I’m interested in poetry — 21st-century poetry, most especially — global english, environmentalism and ecopoetics, and life after theory.
20th and 21st century poetry and poetics; the elegy; neoformalist criticism; epigraphs and allusions; literary responses to and representations of disaster.
Poetry, 20th & 21st century poetry and literature, Ethnic American literature, Chican@/Latin@ culture and literature, poetry writing, performance theory, representations of the working class
A poet, scholar, and book artist interested in textual materiality across writing platforms. My focus is on 20th and 21st-century Poetry and Poetics at the intersection of print and digital media.
With specializations in U.S. literature, particularly poetry and fiction in the 20th and 21st centuries, and in lyric poetry (history and poetics) from Old English to the global present.
I am an Assistant Professor in the Department of English at the University of Colorado at Boulder. I write on and teach digital literature, history of computing, media theory, and experimental American and Canadian poetry from the 20th and 21st century. I also direct the Media Archaeology Lab.
20th and 21st century Latin American (including Brazil) and Iberian literature and film. Catalan literature and film. Media and cultural studies. Modernism(s). Avant-garde and neo-avant-garde poetry. Electronic literature and new media arts (digital poetry, hypertext, blog-narratives, locative fiction, cyberculture). Documentary and experimental film. The intersection between technology and disability studies. Word and Image relations. Luso-Hispanic transatlantic connections. Intersections between engineering and culture (science and technology studies),
Research 20th-21st Century Latin American Narrative, Modern and Contemporary Mexican NovelInterests Mexican modernity; representations of urban space in the Latin American novel; the novel as social mapping; formation and preservation of collective memory after traumatic historical moments (i.e. Tlatelolco in Mexico and Southern Cone dictatorships); cognitive approaches to individual and shared memory; (dys)functions of memorials and museums; narratives on class, gender, and migration; religious syncretism; poetry (as performance).
Dr. McMahon is an Associate Professor of Spanish at Seton Hill University. She received her Ph.D. in Spanish Literature in 2006 from the University of California, Irvine, and she also holds an M.A. in Curriculum and Instruction, an M.A. in English Literature, and an M.A. in the Teaching of Languages. Research interests include 20th and 21st Century Spanish Literature, Poetry, and Immigration. Her most recent book is titled Cultural Encounters in Contemporary Spain: The Poetry of Clara Janés (Bucknell 2010), and she has also published articles in Hispania, Anales de la Literatura Española Contemporánea, Letras Femeninas, and Studies in 20th and 21st Century Literature and Culture. She has co-edited a volume entitled African Immigration in Contemporary Spanish Texts which will be published by Ashgate Press in 2015, and she is currently working on a manuscript about contemporary Spanish poetry written by Saharaui immigrants in Spain.She loves to travel and has lived in, traveled to, or taken students on trips to the following places: Spain, Mexico, Nicaragua, Guatemala, Costa Rica, Puerto Rico, Morocco, India, Japan, Taiwan, Hong Kong, China, and Germany.She is also living proof that it is never too late to learn a language! She did not begin studying Spanish until after graduating from college (she was an English Education Major), so she often tells students that her experience is proof that non-native speakers, even those beyond college age, can become experts in a foreign language.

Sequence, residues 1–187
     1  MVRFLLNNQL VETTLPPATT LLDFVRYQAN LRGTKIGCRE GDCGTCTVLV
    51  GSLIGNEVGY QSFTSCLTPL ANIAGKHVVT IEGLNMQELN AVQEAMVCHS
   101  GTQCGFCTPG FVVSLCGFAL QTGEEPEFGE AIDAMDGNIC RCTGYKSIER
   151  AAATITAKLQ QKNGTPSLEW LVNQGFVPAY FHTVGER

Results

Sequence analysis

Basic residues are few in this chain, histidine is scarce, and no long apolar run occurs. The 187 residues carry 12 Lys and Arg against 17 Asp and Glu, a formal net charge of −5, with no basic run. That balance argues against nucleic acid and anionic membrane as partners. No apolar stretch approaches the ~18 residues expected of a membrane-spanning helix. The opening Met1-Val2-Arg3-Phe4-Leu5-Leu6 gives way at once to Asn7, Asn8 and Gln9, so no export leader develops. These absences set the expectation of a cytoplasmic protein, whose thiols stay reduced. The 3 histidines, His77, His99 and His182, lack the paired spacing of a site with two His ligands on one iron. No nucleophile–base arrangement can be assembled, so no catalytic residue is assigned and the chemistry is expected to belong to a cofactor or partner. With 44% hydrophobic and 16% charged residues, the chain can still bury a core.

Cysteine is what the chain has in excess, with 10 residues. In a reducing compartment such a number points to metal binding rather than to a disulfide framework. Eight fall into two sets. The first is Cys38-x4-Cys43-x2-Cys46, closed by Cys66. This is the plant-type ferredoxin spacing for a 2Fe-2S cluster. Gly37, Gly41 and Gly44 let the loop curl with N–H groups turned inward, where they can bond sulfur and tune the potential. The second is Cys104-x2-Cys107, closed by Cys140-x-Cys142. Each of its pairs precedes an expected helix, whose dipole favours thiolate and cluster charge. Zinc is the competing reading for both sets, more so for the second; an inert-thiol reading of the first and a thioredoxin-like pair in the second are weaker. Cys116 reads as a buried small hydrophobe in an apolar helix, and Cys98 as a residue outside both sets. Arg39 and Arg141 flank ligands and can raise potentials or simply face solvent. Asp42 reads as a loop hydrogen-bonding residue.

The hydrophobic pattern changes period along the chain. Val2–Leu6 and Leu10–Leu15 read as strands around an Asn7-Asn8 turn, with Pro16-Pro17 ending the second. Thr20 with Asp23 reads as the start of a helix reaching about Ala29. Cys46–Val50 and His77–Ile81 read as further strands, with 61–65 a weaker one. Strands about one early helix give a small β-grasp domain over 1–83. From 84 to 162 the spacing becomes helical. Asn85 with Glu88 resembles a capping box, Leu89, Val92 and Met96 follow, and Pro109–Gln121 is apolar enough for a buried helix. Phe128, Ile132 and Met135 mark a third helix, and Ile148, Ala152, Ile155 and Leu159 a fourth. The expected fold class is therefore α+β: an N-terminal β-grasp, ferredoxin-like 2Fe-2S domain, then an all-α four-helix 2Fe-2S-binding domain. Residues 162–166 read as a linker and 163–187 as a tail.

My research focuses on politics, aesthetics, and identity construction and representation as articulated through avant-garde poetics and 20th/21st century Anglophone Black diasporic literature and culture, especially poetry. I am especially interested in the intersection of politics and aesthetics in literature, and the ways in which avant-garde poetics disrupt preconceived notions of Blackness (and personhood) while constructing an open nature to the signs placed upon the (black) body. My most recent project, “Iterations of Identity: Black Diasporic Poetics and the Politics of Form,” positions these interests in a comparative aesthetic perspective, with a focus on examining avant-garde poetics through a primary lens of close-reading and aesthetics, including a study of the politics of aesthetics as dictated by neo-colonialism in West-Africa and the Caribbean, and racialized climates constructed by the global white gaze.